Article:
There have been incredible advances in veterinary care over the last few years. However they come at a cost, both financial and emotional. State of the art equipment as well as the use of new drugs and vaccines have become the norm in treating pets, particularly in the field of cancer studies.
Treatment is not limited to technology. The pet is looked at as a whole being, managing diet, supplements and pain and physical therapies when needed.
Sometimes, as pet parents, we may feel veterinarians suggest tests or re-tests to add $$ to the bill. But most vets have your pet’s health and well-being as their primary concern and do not suggest any tests unless they honestly feel they are warranted. That being said, there are situations where tests need to be administered and often repeated.
Even if your pet had a blood test, x-ray, CT scan, etc. last week or last month, there may be changes that often occur quickly which can indicate a problem. You can and should question why another test is necessary, but with a pet who is ill, sometimes comparisons with earlier tests can make the difference in treatment and discovering whether or not there is any improvement in the condition.
By all means ask your vet if a test or re-test is necessary. Discuss with your vet the choice of test for the particular ailment. Ask about the pros and also cons if any of the test. Ask if your pet must be anesthetized for the test. All information you can give your vet helps to determine whether the test is warranted.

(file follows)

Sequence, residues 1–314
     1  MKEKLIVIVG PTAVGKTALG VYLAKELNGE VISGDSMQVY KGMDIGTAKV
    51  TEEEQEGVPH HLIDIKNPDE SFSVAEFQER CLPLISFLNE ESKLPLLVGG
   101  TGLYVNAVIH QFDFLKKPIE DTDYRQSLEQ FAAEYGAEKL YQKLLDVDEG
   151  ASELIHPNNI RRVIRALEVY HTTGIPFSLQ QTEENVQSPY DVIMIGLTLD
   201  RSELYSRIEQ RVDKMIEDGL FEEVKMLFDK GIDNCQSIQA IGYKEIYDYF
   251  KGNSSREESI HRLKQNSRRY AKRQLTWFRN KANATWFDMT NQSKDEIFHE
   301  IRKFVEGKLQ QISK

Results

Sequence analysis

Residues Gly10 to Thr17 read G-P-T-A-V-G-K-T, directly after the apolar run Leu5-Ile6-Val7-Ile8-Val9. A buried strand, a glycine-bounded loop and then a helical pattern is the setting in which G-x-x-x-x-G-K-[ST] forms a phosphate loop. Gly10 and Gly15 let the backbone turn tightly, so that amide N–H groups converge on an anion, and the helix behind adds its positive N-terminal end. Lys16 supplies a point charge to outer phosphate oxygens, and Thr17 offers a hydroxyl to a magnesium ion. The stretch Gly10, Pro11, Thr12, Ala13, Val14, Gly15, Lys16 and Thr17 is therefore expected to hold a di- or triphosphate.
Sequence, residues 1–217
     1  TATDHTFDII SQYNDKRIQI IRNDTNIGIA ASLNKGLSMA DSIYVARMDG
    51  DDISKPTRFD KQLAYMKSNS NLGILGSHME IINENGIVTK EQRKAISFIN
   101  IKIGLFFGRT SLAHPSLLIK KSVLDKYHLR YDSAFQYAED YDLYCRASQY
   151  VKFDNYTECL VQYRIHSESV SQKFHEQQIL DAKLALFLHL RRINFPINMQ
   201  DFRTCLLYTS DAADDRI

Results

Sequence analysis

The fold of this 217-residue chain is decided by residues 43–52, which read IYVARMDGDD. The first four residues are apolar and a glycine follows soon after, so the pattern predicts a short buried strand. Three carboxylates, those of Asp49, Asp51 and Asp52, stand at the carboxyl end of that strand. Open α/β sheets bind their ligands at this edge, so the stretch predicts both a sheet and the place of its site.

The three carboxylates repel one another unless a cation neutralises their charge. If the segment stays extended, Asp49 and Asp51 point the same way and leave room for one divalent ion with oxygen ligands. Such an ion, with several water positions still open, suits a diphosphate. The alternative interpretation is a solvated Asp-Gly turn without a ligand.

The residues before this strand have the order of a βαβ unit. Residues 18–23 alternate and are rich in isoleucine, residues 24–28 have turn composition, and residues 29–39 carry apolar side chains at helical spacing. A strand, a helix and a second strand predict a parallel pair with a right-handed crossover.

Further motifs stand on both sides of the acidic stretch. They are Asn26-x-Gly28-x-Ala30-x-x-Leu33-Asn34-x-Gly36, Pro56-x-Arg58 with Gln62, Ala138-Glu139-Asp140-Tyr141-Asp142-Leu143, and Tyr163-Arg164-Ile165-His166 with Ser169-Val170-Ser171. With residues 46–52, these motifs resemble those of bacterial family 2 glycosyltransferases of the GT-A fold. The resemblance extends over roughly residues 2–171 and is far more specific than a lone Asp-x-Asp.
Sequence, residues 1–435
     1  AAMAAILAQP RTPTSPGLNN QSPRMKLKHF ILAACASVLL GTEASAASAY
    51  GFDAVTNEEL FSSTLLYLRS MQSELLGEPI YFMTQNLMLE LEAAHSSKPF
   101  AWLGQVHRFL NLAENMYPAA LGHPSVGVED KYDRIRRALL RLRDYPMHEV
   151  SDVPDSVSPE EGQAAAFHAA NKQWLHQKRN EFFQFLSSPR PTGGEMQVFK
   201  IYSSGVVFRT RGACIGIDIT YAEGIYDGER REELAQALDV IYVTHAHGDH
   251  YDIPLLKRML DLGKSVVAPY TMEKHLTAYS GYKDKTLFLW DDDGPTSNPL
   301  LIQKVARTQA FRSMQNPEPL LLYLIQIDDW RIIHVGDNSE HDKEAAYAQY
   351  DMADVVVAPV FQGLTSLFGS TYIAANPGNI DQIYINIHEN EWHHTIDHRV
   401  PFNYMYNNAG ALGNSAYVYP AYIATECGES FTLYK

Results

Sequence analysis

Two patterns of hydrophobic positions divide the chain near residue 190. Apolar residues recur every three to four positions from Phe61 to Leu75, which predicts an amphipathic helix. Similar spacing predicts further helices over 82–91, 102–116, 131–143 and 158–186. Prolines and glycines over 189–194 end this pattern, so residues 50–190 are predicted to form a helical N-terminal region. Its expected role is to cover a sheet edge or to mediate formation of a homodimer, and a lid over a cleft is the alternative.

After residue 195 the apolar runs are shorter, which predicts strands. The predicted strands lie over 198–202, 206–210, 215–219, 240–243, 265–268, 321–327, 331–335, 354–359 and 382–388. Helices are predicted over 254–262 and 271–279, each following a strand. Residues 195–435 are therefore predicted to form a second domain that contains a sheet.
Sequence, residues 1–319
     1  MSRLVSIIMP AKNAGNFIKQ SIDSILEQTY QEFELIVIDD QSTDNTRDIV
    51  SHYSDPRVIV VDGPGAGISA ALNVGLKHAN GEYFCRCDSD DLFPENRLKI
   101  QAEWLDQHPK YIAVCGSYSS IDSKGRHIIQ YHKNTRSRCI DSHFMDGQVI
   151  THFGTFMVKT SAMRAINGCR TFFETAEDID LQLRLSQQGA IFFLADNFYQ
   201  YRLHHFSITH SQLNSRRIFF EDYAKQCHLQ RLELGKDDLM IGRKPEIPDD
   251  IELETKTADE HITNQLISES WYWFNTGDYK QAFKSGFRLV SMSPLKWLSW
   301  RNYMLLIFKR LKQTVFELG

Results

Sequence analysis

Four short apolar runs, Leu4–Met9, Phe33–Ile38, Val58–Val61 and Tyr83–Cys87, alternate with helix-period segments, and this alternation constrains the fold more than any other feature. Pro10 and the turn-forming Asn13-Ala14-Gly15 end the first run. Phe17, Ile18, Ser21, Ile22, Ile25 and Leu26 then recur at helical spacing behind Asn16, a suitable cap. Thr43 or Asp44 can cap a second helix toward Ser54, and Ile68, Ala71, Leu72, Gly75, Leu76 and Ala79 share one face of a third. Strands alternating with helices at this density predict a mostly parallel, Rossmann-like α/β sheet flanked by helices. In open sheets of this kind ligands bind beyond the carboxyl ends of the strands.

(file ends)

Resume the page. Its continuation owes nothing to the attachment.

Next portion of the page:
Dr. Phil Zeltzman, renowned veterinary surgeon, describes in his recent newsletter some of the tests and what they are used for.
Blood tests – a CBC-chemistry (complete blood count) checks white blood cells, red blood cells and platelets, kidney and liver function. For older pets, sometimes thyroid hormone levels are added. Dr. Zeltzman recommends a yearly or twice yearly CBC.
If a pet has to undergo anesthesia, blood work can make it safer. According to the results, vets can make changes in anesthesia used.
X-rays are used to diagnose certain conditions – fractures, tumors, metastases, blockages, check healing bones, etc.
Ultrasound is used for suspected problems in heart, lungs, intestines, liver, spleen and kidneys.
A fine needle aspirate is used to remove a small amount of cells from a mass and examine them microscopically.
A biopsy uses a larger needle to remove a small amount of tissue for diagnosis.
Biopsies are performed on masses that have been surgically removed to check if they are benign or cancerous.
A culture or sterile swab is taken to determine if there are any bacteria present and type them.
These are by no means all the tests available, but they are the most common.
Please join Dr. Zeltzman at www.Dr.PhilZeltzman.com and glean information and knowledge of timely issues concerning our pets.
Remember that you are your pet’s No. 1 advocate and should have all the necessary information to keep your pet healthy.